HENRICO COUNTY, Va. -- Even during the dog days of summer retirement, Spike Williamson busy. When the Henrico man is not playing with his pups, he’s planning his next getaway. Not to a tropical destination. But to the same places across central Virginia, over and over again.
“Farmville, Quantico, Suffok... Amelia is our top spot. Colonial Heights, Petersburg and Hopewell. It's our commitment," Williamson said.
For Spike, the call of duty could ring at any time. Every couple of weeks or so the years melt away for this old Marine, drilling one more time.
The 75-year-old commands a group of retirees as they turn back the hands of time for a different sort of military operation. These aging service members are serving from the heart. The group of about 20 Marines performs at funerals for fellow veterans of all different branches.
“We take it real seriously. We know what to do. We practice at it," Williamson said. “Everyone has to know how to do everything... We’ve done this over 300 times."
On this day, the Honor Guard bids 'goodbye' to Navy veteran Larry Spahn.
“Didn’t know Larry at all but I knew in heart and spirt as a veteran and a man who loved his country," said Lonny Fry.
Members of the Honor Guard travel as far away as the Northern Neck. Their presence does not go unnoticed by Larry's loved ones.
“To see these guys doing this? Oh God. It is such a joy," said Larry's uncle Carson Reel. “God bless them. I’m so glad they’re doing this.”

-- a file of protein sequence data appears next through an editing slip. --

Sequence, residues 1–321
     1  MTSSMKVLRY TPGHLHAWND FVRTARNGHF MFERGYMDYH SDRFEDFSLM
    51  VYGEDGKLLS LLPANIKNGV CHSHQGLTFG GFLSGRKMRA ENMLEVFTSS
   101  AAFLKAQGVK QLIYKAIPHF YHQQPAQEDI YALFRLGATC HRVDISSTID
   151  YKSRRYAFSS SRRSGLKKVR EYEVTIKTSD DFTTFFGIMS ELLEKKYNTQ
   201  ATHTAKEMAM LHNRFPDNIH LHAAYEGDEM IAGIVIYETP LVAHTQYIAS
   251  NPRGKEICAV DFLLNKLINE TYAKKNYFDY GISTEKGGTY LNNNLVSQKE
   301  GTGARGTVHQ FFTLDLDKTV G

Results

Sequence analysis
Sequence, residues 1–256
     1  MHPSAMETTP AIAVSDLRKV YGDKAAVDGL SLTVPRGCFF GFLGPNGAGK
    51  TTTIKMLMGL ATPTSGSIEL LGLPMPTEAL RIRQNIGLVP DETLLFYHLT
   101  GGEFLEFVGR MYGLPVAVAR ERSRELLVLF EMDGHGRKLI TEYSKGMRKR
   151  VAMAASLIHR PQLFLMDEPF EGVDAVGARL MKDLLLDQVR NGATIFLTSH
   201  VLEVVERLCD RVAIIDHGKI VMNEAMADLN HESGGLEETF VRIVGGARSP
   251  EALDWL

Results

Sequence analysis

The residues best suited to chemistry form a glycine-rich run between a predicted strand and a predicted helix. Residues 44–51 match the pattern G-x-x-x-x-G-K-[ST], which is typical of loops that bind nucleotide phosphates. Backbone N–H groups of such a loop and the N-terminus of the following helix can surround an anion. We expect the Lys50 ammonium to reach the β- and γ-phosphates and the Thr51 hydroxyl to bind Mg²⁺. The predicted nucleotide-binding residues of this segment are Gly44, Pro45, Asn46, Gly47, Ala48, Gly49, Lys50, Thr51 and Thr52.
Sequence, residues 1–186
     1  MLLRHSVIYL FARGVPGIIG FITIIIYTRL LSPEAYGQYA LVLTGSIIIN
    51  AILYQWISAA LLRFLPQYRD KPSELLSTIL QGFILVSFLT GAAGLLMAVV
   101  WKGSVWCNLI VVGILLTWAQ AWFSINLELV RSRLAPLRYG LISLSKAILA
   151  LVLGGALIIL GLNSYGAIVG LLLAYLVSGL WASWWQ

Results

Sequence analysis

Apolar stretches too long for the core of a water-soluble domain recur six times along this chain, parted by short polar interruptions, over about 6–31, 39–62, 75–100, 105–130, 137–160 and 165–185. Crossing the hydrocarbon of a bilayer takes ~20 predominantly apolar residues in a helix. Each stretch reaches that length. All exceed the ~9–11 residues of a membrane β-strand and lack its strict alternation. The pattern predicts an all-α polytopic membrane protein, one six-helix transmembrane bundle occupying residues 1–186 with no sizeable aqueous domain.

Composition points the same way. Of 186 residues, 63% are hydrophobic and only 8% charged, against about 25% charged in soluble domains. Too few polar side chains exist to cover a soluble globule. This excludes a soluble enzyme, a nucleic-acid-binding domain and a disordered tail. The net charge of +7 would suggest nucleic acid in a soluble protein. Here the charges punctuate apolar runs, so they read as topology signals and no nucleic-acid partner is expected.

“And we do this at no cost to any family member," said Honor Guard member Joe Washington.
These Marines are not paid, they volunteer.
“We’ve been out in 20-degree weather. The rain. Broiling heat," said Lee Smith. “I would say 95 percent of the funerals we do or maybe more we wouldn’t know the person.”
“They’re coming out here risking their own health here in a pandemic. They’re also risking their health during a hot day in the middle of the summer," said Chaplain David Cole.
Satisfaction comes from knowing Mr. Spahn is receiving a proper send-off.
Many served in Vietnam, and 50 years later they're ready to answer the call no matter where it takes them.
“I find that these guys are like true brothers like when they say, “Once a Marine Always a Marine," said Joe Washington.
When the service ends the old Marines go their separate way till the next veteran's farewell.
“Makes you feel good. Makes you glad what we’re doing," Williamson said. “Everyone is committed.”
Spike Williamson and his band of brothers are living up to the Marine motto - Semper Fi. Always Faithful well into their golden years.
“If you do want to commit to us," says Spike. "This is what you’re getting into. You got to be prepared for that and they guys are.”
Spike said every veteran who has passed away is eligible for Military Honors.
If your loved one's service was disrupted or delayed because of the pandemic Mr. Williamson says to reach out to the honor guard at 804-325-4199.
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